I had a panic attack (a pretty good one) on Friday night when going to see a movie. My favorite theater, sitting on the end of an aisle, but mid way through the movie, I couldn't breathe. At the time, I didn't want to ruin Paul's experience, so I just ducked out to go to the restroom. I didn't have to go to the bathroom, but it was the only quiet place that I could dab a little water on my face and breathe. It took a couple minutes to calm down. I missed 2-3 minutes of the movie and that really bummed me out. Paul was so great and whispered any missed plot to me, but I was still uncomfortable and I've never felt this way before. If anyone knows me, my ALL TIME favorite thing to do in the world is to go to the movies. So, this is why I am NOT OKAY.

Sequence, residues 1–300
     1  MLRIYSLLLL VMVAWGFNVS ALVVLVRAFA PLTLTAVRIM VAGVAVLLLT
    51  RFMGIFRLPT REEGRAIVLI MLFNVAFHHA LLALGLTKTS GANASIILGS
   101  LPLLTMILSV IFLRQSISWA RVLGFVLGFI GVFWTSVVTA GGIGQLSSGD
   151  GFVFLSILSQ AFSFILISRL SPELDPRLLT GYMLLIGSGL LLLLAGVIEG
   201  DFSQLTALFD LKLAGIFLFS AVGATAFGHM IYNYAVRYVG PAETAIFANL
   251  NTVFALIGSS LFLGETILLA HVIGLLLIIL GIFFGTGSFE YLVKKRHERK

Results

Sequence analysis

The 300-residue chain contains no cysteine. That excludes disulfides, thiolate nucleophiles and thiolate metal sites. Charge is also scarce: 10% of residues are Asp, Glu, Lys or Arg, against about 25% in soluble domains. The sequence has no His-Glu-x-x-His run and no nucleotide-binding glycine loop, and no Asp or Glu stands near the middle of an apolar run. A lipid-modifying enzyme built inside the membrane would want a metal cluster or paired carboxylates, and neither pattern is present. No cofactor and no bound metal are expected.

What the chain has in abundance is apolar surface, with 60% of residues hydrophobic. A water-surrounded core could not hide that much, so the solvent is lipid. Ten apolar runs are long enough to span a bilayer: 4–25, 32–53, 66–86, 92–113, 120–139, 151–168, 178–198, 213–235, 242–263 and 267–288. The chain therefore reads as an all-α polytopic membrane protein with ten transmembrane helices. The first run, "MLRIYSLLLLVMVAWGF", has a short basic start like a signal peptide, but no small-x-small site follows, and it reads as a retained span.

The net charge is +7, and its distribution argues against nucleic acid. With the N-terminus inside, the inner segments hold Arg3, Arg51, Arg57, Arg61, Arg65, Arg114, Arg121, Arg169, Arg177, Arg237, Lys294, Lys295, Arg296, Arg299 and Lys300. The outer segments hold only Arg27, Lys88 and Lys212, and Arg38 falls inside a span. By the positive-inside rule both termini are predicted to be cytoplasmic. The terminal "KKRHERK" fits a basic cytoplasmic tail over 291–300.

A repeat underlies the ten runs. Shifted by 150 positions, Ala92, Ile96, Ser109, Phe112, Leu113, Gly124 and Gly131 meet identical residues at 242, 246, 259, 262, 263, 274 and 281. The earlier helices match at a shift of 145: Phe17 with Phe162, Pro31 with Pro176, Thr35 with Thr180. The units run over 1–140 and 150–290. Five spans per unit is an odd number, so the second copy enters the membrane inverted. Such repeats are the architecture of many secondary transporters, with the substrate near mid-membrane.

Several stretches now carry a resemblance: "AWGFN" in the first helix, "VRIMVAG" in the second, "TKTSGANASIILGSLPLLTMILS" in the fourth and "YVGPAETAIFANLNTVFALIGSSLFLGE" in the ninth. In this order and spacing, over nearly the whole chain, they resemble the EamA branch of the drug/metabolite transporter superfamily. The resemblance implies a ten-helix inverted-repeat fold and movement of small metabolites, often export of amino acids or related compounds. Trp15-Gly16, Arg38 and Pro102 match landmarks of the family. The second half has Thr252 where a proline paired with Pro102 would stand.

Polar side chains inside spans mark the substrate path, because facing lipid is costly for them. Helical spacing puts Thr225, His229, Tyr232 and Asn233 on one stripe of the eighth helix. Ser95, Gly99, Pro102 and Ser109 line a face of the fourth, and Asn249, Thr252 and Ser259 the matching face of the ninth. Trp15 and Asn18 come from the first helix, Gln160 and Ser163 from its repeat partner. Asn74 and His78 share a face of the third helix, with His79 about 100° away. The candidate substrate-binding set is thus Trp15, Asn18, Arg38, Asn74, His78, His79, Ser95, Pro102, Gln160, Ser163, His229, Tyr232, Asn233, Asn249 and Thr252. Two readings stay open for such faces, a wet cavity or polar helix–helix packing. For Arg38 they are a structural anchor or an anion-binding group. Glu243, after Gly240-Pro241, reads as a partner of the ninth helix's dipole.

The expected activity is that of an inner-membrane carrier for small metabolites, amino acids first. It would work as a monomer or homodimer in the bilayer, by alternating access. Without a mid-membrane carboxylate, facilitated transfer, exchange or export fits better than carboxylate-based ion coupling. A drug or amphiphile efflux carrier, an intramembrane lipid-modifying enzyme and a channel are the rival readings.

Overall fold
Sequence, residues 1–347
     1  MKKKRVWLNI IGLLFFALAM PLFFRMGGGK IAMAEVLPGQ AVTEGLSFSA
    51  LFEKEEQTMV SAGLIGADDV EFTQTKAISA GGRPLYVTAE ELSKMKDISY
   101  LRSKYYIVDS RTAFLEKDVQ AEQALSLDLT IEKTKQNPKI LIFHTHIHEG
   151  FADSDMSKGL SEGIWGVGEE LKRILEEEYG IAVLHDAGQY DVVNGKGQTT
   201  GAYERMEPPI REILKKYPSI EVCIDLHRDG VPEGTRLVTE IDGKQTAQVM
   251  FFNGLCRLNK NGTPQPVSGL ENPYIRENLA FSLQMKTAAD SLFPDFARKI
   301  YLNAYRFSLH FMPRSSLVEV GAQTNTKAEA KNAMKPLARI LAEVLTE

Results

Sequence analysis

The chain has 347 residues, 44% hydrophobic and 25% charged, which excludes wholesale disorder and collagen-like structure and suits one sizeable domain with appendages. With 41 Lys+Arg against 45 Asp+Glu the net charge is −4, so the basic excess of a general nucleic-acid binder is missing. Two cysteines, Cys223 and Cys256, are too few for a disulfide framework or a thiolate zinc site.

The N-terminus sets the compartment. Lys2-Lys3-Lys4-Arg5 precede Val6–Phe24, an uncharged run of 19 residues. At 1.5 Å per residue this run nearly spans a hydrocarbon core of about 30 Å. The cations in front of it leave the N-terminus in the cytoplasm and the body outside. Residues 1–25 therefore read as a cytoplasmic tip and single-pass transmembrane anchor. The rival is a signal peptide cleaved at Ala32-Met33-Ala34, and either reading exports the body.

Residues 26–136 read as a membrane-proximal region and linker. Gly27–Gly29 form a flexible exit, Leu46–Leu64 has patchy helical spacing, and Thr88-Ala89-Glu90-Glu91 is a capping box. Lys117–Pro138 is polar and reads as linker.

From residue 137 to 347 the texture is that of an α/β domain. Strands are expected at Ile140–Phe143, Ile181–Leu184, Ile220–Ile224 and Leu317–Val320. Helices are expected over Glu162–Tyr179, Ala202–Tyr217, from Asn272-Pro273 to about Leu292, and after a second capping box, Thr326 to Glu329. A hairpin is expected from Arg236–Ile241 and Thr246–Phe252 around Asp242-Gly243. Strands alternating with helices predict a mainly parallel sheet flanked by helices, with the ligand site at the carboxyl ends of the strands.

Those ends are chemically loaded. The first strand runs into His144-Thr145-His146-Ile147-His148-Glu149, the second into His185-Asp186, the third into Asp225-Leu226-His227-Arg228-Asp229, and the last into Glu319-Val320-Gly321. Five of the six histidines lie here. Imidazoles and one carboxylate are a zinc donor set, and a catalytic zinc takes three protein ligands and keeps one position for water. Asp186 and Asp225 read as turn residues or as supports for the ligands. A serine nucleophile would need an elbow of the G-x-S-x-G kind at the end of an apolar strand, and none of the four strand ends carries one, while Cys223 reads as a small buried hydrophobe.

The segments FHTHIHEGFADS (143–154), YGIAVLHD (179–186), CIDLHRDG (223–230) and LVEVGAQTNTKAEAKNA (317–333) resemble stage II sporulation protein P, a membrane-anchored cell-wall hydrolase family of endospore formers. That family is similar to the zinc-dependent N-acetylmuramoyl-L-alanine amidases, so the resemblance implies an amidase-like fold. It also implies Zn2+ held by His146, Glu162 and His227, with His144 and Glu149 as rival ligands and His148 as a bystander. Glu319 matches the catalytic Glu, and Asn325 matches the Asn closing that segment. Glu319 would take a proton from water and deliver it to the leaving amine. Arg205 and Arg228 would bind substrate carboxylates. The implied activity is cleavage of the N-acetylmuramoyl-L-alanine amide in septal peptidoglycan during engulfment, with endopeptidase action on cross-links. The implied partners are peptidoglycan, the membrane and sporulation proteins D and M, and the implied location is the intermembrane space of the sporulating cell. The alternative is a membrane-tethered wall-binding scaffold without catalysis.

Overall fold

I've had anxiety and panic attacks from around March of last year (2017). I had taken a promotion and the job and the situations in place at the time were so high stress that I developed anxiety. I went to the doctor and she diagnosed me with acute anxiety and borderline depression. (I've been battling depression on and off for over 15 years) She prescribed me pills that made me feel worse than the anxiety did and so I've just been trying to manage it with other remedies such as breathing, oils, meditation, exercise, etc. What I've come to realize after this latest episode on Friday night in the movie theater is that my anxiety and panic attacks are getting much worse. I have never had that feeling in a movie theater. A couple weeks ago, I had that same fearful feeling come over me just playing cards with family that was in town. I had to excuse myself a couple times just to go to the bathroom to breathe. I have had it happen to me in the grocery store or waiting in line with people standing just a little too close. At the dollar store a couple weeks ago, I just got out of line and left all my stuff in a display at the front of the store.  Paul was so kind to go back in later and buy it all for me. I have anxiety in meetings at work and even at fun activities like potlucks. I have to find a seat by the door and preferably, "can we please just leave the door open?"